Event: Fall 2015 Lecture Series
Date: Friday, August 28, 2015 – 9:30 a.m. – 11:00 a.m.
Location: Student Union Library 3rd Floor – Y Jean Chambers Hall
Brenda Scott Henry
City of Gary Department of Green Urbanism/Environmental Affairs
Topic: Green Storm water Management: A Catalyst for Building Resilient Communities
While extreme weather can impact almost everything in the built and natural environment, Great Lakes communities can strategically strengthen resiliency by integrating green infrastructure and urban landscape, climate readiness, and sustainable development into urban revitalization planning strategies. Used collectively, these green storm water best management practices can be cost-effective approaches for improving water quality and helping communities maximize capital improvement investments resulting in multiple environmental, economic, and community benefits. These strategies are most effective when public engagement and environmental awareness activities are incorporated throughout the processes.
Chandramouli Viswanatha Chandramouli
Associate Professor Department of Civil Engineering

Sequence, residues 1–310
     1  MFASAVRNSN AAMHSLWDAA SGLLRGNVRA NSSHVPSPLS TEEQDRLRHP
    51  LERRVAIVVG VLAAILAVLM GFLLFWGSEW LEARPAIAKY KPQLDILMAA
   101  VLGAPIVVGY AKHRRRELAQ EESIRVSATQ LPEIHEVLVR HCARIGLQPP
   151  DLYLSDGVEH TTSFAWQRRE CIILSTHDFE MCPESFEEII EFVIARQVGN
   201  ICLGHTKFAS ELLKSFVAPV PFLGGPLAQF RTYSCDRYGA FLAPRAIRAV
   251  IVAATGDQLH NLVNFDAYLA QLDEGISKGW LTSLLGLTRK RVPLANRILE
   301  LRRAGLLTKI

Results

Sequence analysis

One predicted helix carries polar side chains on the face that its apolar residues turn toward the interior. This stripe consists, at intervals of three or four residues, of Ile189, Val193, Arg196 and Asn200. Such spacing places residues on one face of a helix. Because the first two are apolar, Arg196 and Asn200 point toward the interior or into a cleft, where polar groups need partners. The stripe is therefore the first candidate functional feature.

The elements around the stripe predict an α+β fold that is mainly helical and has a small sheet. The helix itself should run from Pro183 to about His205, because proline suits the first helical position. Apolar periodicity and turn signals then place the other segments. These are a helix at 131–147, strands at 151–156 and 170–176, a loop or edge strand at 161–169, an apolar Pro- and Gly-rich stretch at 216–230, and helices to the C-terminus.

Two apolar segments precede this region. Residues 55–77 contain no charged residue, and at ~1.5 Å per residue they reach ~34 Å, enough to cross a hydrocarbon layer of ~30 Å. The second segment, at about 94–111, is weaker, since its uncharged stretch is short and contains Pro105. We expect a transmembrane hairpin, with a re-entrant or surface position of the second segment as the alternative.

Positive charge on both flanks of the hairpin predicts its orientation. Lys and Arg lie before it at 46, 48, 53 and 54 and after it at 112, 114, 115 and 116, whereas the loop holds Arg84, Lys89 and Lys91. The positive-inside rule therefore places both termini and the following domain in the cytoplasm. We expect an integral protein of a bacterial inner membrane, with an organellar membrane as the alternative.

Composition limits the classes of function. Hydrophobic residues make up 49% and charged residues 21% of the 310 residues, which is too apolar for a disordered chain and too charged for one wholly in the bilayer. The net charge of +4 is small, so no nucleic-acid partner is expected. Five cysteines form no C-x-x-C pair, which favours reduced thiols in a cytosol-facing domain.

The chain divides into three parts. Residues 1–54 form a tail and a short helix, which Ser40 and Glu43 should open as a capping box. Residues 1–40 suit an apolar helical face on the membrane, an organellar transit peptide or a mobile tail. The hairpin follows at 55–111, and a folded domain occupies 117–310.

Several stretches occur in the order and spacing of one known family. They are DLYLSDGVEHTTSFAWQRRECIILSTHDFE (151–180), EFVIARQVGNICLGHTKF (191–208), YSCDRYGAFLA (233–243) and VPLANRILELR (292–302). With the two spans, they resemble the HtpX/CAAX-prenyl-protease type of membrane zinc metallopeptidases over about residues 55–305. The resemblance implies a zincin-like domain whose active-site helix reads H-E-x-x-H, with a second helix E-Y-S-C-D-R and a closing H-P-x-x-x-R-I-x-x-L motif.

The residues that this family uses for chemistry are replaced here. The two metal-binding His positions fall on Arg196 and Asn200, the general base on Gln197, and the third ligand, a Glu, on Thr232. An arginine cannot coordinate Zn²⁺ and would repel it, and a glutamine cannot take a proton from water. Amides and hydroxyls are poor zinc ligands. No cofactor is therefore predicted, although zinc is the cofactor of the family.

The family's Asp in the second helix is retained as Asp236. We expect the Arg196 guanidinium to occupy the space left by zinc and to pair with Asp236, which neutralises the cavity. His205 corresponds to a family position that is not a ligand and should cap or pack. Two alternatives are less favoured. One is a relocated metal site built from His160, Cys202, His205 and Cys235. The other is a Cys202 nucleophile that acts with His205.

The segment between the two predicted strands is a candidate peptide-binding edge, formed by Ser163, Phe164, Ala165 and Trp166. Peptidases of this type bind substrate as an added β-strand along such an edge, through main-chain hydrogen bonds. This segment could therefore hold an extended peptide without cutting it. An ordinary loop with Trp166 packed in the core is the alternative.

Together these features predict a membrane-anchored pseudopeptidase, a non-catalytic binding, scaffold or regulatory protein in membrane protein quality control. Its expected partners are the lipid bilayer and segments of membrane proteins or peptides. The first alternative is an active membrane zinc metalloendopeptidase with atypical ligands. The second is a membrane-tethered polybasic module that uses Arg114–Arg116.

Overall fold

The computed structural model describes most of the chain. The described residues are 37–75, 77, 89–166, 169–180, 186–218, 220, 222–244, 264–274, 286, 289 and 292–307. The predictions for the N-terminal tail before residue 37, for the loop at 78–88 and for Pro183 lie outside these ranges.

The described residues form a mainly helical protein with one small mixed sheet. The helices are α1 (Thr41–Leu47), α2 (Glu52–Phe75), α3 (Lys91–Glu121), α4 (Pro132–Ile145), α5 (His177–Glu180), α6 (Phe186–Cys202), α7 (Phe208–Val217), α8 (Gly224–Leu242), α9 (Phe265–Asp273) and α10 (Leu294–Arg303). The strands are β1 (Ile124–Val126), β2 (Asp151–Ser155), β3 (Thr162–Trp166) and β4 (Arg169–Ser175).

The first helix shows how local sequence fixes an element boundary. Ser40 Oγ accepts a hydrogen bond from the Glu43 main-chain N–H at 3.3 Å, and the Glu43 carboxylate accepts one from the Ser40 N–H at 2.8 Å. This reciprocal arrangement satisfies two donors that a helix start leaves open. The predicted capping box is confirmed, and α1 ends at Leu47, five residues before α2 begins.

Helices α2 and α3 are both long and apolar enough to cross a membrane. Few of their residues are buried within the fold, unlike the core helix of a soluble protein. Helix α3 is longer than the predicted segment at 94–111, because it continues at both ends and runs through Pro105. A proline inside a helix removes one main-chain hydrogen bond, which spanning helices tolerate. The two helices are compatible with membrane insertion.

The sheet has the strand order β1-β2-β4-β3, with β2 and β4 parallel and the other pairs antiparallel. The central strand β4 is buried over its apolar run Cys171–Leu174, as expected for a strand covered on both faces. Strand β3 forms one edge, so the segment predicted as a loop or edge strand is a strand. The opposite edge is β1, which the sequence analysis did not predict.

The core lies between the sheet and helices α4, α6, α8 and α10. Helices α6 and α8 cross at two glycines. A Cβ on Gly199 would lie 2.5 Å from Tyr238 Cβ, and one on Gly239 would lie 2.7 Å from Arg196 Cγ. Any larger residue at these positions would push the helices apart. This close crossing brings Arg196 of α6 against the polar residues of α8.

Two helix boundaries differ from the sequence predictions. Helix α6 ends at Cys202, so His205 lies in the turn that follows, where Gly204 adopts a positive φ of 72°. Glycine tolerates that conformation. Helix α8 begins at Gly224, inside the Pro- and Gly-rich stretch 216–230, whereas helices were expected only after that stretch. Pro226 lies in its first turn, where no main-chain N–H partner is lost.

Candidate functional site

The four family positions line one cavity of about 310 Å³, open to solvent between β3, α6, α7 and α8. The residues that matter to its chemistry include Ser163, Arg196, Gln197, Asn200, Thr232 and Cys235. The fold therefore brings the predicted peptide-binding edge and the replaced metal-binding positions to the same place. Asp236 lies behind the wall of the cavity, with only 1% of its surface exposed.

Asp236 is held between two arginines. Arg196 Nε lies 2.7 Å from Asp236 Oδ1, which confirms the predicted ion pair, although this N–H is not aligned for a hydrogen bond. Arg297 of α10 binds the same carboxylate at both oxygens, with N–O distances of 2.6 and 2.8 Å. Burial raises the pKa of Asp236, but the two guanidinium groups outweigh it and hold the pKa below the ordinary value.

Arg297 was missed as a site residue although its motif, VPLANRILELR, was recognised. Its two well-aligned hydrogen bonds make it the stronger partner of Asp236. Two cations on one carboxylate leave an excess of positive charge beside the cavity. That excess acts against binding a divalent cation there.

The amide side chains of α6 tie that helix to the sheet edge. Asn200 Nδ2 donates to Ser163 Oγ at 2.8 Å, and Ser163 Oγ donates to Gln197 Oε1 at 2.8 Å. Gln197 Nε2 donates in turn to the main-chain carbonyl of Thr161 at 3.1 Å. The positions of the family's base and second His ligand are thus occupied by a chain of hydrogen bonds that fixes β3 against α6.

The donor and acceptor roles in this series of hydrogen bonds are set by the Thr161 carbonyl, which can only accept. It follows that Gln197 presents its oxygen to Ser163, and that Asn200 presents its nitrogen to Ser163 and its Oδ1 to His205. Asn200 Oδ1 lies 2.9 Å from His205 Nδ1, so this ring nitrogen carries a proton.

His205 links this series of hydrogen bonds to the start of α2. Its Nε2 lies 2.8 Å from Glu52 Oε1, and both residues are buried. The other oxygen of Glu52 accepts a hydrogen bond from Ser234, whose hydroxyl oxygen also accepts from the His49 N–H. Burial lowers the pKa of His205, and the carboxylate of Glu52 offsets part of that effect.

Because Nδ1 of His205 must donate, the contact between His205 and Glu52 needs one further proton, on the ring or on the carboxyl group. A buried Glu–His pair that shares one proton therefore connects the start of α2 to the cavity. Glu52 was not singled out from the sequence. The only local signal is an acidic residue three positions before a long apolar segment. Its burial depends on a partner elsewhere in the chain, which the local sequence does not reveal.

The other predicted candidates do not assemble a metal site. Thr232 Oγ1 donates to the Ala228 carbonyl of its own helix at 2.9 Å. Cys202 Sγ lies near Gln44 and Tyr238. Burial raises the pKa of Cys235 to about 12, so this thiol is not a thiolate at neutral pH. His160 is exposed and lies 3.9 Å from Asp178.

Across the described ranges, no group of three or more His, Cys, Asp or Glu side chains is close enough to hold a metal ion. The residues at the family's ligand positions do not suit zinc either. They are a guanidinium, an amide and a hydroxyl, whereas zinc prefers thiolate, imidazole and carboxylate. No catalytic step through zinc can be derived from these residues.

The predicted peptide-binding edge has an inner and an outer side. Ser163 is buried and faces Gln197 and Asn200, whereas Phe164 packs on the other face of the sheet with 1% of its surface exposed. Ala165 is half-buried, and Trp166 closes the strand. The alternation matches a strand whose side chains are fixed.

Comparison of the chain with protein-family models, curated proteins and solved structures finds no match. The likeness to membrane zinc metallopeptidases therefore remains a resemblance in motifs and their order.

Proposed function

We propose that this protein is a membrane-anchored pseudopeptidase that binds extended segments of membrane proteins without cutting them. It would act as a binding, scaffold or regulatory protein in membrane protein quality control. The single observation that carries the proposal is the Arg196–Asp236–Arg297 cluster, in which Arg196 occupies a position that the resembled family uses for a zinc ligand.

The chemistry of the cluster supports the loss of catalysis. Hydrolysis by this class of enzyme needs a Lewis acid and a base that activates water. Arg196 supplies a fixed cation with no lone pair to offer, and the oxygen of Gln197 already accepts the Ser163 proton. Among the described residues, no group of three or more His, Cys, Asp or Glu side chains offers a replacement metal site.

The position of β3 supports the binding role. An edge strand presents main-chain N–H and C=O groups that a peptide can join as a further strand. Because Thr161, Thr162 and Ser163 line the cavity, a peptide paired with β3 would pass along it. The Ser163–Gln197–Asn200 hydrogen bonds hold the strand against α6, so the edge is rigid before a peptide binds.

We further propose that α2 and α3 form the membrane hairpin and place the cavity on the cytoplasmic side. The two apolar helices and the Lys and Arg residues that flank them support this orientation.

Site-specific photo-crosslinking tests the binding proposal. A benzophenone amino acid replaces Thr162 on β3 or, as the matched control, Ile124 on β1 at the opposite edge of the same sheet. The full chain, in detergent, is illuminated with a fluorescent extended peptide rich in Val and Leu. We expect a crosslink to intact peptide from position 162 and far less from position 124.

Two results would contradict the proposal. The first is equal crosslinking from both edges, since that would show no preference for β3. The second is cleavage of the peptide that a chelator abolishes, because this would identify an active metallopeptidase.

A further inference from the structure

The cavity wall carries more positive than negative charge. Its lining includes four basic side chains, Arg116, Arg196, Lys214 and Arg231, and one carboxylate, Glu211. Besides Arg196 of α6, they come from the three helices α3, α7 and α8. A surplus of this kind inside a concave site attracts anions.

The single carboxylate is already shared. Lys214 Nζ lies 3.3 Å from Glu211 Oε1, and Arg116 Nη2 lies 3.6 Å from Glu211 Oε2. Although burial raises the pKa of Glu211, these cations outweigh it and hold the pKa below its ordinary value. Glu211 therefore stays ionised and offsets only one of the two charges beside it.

Purdue University Calumet
Topic: Virtual 3D flood modeling for Hart Ditch River System
Floods cause huge damages to the properties in vulnerable river systems. Flood plain management and mitigation require proper understanding of watershed hydrology and river flow hydraulics. In this research work, a virtual 3D lab module was created for Little Calumet River System in Lake Michigan Watershed. This 3D module was used in student learning by integrating it as a lab class in regular lecture at inter university level. Students can enter the system and fly to different cross sections in virtual environment. They can compare the flooding at different nodes as well as the depth and area of inundation. They can also analyze the benefits to the system with flood control structures. Students can measure these details and document them using tools in the 3D environment. For this study, hydrologic model of the considered river system was developed using HEC HMS model. River flow hydraulics was modeled using HEC RAS model. These results were used in 3D model development